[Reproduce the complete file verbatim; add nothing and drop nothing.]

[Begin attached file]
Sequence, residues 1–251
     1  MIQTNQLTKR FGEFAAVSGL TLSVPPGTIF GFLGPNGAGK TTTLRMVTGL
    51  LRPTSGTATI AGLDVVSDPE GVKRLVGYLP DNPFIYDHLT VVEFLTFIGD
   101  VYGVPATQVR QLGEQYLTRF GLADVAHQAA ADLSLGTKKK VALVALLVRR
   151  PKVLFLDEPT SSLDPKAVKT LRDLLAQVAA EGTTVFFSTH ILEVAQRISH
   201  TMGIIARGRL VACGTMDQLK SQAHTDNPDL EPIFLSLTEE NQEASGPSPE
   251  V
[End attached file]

Sequence, residues 1–251
     1  MIQTNQLTKR FGEFAAVSGL TLSVPPGTIF GFLGPNGAGK TTTLRMVTGL
    51  LRPTSGTATI AGLDVVSDPE GVKRLVGYLP DNPFIYDHLT VVEFLTFIGD
   101  VYGVPATQVR QLGEQYLTRF GLADVAHQAA ADLSLGTKKK VALVALLVRR
   151  PKVLFLDEPT SSLDPKAVKT LRDLLAQVAA EGTTVFFSTH ILEVAQRISH
   201  TMGIIARGRL VACGTMDQLK SQAHTDNPDL EPIFLSLTEE NQEASGPSPE
   251  V